The three keys to the success of the visionary manager

Your team wants to know why should they follow you in your command? Don’t tell them, show them by focusing on the essential, not necessarily the most important.

“Why should I follow you? »

When you introduce your vision for making your business more innovative, you may think that your employees will ask you about the costs, the potential audience, the likely success rate, the time it will take to be in the market and they like it . Of course they will and how?

But the first (unasked) question running through their minds will be: “Why should I follow you? in other words “Why should I believe that you are going to lead us where we need to go?” »

Even if they won’t ask you the question directly, you need to address their unspoken fears before anything else. Otherwise, you won’t get their full attention or the best of them.

So how should you answer the questions they ask themselves unspoken or unspoken? Our answer has three parts. We are not going to debate the leadership theory of innovation. We will talk to you about deliberate practices, give you the essential principles to employ. We guarantee that if you put these tips into practice you will become a more effective leader, especially when it comes to innovation.

1) Focus on the essential

Innovative leaders focus on the essential and not the most important. It’s very easy to waste time on the important things like launching new products to satisfy the sales force’s desire to offer something new. As necessary as it may be, doing so will not inspire anyone.

Conversely, creating a culture that celebrates failure “because without risk there is no opportunity to develop the product that will become the best seller” or believing that great ideas can come from anywhere are the best way to transform into success everything your organization does.

Here is another way to translate it: The important is rational, the essentials are emotional. The more important things you add to a list, the less likely you are to have the essential things on it.

2) Not adept at drama

Recessions/transitions/restructuring are by nature temporary. Knowledge is the key to your ability to focus on the desired outcome and the type of organization you want to build.
Here is what you must answer: Are you shaping the future or are you reacting to your perception of it? to answer this question consult your emotional state.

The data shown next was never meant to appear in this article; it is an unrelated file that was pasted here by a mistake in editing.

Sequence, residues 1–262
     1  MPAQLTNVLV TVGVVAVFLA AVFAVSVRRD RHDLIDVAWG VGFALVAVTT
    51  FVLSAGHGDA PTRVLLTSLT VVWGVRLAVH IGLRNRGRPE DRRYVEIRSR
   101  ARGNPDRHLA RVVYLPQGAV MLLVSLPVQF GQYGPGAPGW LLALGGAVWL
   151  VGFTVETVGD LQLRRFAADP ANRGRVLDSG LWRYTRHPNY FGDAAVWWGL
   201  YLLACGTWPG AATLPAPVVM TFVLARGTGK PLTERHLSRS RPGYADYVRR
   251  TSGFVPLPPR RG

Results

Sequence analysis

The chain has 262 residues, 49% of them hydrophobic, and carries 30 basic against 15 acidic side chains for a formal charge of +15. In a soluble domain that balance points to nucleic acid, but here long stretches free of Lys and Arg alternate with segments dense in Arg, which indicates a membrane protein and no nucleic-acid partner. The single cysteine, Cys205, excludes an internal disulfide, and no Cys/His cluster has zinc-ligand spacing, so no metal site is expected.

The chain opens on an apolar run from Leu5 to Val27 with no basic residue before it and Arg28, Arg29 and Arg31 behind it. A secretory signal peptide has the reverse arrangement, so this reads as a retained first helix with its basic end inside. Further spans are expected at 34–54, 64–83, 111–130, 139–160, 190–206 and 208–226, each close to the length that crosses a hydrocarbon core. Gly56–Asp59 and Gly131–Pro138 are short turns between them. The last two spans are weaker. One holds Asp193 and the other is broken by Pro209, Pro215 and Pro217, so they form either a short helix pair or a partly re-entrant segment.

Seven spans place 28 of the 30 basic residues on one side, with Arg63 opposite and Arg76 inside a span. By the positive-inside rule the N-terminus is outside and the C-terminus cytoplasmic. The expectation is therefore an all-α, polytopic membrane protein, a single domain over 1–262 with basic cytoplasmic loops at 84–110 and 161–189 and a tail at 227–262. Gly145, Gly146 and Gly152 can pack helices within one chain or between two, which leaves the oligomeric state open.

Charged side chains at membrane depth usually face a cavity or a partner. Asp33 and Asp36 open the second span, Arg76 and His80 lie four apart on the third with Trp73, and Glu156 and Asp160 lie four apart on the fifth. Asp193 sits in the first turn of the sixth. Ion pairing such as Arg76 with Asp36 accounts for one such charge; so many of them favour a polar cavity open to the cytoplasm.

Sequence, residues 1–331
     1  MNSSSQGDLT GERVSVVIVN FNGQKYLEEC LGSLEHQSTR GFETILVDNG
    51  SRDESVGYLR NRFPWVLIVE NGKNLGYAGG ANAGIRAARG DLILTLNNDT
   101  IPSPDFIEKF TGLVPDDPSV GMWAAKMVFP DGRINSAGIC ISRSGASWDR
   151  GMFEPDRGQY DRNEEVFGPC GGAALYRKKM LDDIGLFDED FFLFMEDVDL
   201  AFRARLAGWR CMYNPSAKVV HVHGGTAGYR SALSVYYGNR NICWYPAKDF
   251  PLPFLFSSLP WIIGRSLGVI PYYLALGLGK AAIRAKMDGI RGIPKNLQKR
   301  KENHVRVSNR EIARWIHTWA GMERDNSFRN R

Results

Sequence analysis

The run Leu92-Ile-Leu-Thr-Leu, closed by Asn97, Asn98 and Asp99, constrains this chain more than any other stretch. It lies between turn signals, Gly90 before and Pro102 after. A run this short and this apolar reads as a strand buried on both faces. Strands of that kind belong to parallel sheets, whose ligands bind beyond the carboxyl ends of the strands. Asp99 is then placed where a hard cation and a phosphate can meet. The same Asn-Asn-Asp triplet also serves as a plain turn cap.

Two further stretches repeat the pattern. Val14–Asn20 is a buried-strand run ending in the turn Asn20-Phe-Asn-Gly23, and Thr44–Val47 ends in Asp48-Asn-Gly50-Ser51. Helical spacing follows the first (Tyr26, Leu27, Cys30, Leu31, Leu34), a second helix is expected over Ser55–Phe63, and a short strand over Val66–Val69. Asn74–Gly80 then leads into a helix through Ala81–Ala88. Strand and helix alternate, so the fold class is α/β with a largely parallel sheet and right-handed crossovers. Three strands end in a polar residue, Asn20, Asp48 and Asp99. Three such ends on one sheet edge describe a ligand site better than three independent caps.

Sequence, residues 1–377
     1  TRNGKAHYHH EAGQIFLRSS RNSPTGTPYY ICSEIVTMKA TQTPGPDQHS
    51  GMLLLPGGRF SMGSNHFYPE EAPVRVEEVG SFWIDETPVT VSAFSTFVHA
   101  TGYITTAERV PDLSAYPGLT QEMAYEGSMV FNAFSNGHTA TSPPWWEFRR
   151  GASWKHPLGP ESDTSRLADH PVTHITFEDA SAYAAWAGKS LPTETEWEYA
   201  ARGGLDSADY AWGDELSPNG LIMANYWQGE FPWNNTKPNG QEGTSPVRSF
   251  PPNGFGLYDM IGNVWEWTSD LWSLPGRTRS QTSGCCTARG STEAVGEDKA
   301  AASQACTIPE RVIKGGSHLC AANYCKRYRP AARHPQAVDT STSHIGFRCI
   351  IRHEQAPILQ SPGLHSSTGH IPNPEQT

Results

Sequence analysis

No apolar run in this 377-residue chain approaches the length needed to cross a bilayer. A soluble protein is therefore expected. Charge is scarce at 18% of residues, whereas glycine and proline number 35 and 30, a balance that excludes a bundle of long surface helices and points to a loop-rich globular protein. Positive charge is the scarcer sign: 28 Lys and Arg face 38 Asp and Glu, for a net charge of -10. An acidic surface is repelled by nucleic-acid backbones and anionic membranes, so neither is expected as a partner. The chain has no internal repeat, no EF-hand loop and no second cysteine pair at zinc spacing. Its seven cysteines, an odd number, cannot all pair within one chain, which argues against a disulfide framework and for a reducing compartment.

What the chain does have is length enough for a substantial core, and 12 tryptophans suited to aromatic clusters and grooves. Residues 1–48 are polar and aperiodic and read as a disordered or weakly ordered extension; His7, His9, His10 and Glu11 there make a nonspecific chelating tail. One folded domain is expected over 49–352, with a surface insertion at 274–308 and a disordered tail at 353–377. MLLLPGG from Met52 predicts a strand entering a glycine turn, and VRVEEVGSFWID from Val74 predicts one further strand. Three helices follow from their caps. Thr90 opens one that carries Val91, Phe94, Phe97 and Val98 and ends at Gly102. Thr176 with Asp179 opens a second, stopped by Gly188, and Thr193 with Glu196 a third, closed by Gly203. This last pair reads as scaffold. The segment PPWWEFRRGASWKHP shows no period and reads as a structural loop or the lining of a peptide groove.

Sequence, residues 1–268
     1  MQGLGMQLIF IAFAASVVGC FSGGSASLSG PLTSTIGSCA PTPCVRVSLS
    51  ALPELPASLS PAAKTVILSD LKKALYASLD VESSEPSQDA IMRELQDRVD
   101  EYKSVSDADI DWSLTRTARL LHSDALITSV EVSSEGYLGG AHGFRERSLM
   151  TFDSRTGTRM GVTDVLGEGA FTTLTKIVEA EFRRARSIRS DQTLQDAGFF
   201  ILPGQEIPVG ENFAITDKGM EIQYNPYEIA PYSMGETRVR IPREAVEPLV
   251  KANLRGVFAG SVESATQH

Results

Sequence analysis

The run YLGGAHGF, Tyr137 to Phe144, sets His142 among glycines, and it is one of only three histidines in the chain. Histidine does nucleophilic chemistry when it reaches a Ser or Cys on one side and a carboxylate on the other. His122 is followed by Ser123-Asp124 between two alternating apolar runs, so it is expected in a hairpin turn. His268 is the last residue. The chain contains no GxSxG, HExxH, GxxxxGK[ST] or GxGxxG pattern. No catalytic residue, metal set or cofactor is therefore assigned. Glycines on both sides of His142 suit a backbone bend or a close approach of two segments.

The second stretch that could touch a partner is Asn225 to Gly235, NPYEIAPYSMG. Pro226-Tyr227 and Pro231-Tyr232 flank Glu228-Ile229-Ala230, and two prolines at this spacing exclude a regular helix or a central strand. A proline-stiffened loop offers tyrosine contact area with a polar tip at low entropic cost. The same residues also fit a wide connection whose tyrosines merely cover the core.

. Are you acting like a victim? (if you complain about everything then the answer is yes.)
• Are you looking for someone or something to blame? (if you are using the recession as an excuse for example then the answer is yes.)

If you answer these or other similar questions with yes then you have earned the right to be part of a drama. This is not good news for a team leader, a senior manager, a brand, a company because you “and the company” are wasting energy and time focusing on the wrong things.

3) Face adversity by finding opportunities

Adversity will not disappear with the crisis. There will always be someone to challenge you (a competitor) in your field of activity. You can bet that in the coming months consumers will be looking for something that you simply can’t produce today. Funding that you knew was available can suddenly become unobtainable.

When things like this happen, conservative managers do what they usually do: They cut marketing budgets. They retreat and seek safe paths. “Hey, I know” instead of doing something that would identify as a challenge why not just expand the line of our best product? »

Want to change the course of history? Don’t be one of those people. Stick to your growth strategy. Always.

Believe in yourself, and if you need inspiration to stay in the game, learn from the best. Warren Buffet made a fortune by making an old adage that says: “Be afraid when others are greedy and be greedy when others are afraid”.

If you apply these three ideas, people will find their own answers when they initially ask questions about your vision.
Why should your people follow you? because you have demonstrated through words and actions that you understand and live these three pillars of innovation leadership in good times and bad.

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